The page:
Post by pinellisdreamfarm on Feb 25, 2012 18:24:25 GMT -5
I have an orphan calf that I am trying to care for! He is about 9-10 days old and has had scours since he was 3-4 days old. It started out with just bits of blood in his poop the day after I brought him home. Not really scours yet. Then I started treating him with Pen G IM and the blood went away but then got scours (watery, yellow, FOUL smelling). He has had it since then. I have tried sulmet and I took him off Pen G thinking maybe thats why it got so bad. He is unfortunately on milk replacer since I have no source for milk here. Should I give him pasteurized whole milk from the store? would that be better? I am also giving him electrolytes 2 qts or more a day. He is being fed 2 qts in am, 1 qt noon and 1-2 qts in pm if he will take it of either milk replacer or electrolytes. Temp was 102.6 then 102.9 last I checked. He shivers when he drinks his bottle. He still mooing but laying around alot. Anyway anyone have any more suggestions on how to help this little guy? My vet charges $42 for a stool test so I haven't done that yet although considering it now. Just seems OUTRAGIOUS for a poop test. I have been also giving him Probios probiotics. He won't eat any calf starter or hay. Won't even try drinking water from the bucket. What am I doing wrong how come this won't heal? Its been WAY to long!! I am also going tomorrow to get him some fluids to give Sub Q. He is not pooping all day just 3 x a day or so. Help
Is his milk replacer warmed up to 101-103*F - temperature is very important. Cool milk into a baby animal can give it scours lickity split, even if it's as warm as 90*F. He shouldn't be shivering after drinking his bottle.... Follow the directions on the bag too, don't over feed him as this can easily cause scours as well. I'll let someone else suggest treatment options, as I haven't dealt with a scouring calf for a long time. Good luck!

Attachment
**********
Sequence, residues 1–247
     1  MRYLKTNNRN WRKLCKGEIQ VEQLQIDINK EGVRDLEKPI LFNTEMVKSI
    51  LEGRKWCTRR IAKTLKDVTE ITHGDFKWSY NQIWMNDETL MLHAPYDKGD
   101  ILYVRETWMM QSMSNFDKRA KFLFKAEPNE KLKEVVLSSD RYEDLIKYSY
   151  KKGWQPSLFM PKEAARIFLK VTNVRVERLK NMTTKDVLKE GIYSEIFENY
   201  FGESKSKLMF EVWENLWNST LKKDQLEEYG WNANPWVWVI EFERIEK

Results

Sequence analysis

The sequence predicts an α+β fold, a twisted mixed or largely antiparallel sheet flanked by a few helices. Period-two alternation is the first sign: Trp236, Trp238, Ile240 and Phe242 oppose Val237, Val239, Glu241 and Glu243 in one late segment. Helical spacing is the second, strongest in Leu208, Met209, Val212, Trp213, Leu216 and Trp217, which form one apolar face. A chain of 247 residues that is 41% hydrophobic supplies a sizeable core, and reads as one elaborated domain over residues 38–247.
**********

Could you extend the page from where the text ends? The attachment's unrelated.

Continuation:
The friendly cow all red and white, I love with all my heart.
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The shivering can be muscle tremors from electrolyte loss. Blood in the poo generally means e. coli or salmonella. We're dealing with something very similar. I can write out what the vet gave us if you like.
Victoria, Homeschooling mama to 7 kids.
Minnie Jersey/DB heifer, 5 Belted Galloways, 1 Ayrshire steer (4H project), 1 Ayrshire heifer
4 goats, 14 East Friesians, 3 Leicester Longwools
3 LGDs to keep every one safe
What breed is the calf? What does he weigh? What are the circumstances of its birth? How did it get orphaned? Trying to find out what kind of start it got and how much colostrum and how high quality was that colostrum? What is his temp now? Be sure to take it regularly. Is he dehydrated? Do you know how to check? What electrolytes are you giving him?
Penn G is no good for scours.
A calf that is pooping three times a day doesn't sound like its scouring. Something is off there. Is the poop like water? Screen door diarrhea? Please elaborate.
Unless its a big calf, it sounds like you might be overfeeding it.
Post by giggleboxfarm on Feb 27, 2012 10:16:45 GMT -5
My vet told me that I was trying to get too much into my calf when he had scours - that all that fluid would cause him to scour himself to death. The day that I had called to find out if I was doing enough, I had given him 2 quarts electrolytes, 1.5 quarts milk replacer, and another 1 quart of electrolytes. He was about 2 weeks old, and around 65 lbs - jersey cross.
They told me to stop, lol. To feed ONLY 1 quart of milk replacer twice a day for 2 days. Bumping up a little during that time if he started having normal poop and to slowly to up to normal feed. Since he isn't 100lbs, for him that isn't 2 quarts of feed twice a day.
I would definately run it across your vet, mine was happy to dispense advice through his receptionist over the phone. And losing one is sucky hell.
Buttercup - 12 yr old guernsey, her baby Bryce, her one yr heifer Amber, a saanen, oodles of chickens, india blue peacocks, a great pyranees, and 5 wonderful homeschooled kids.
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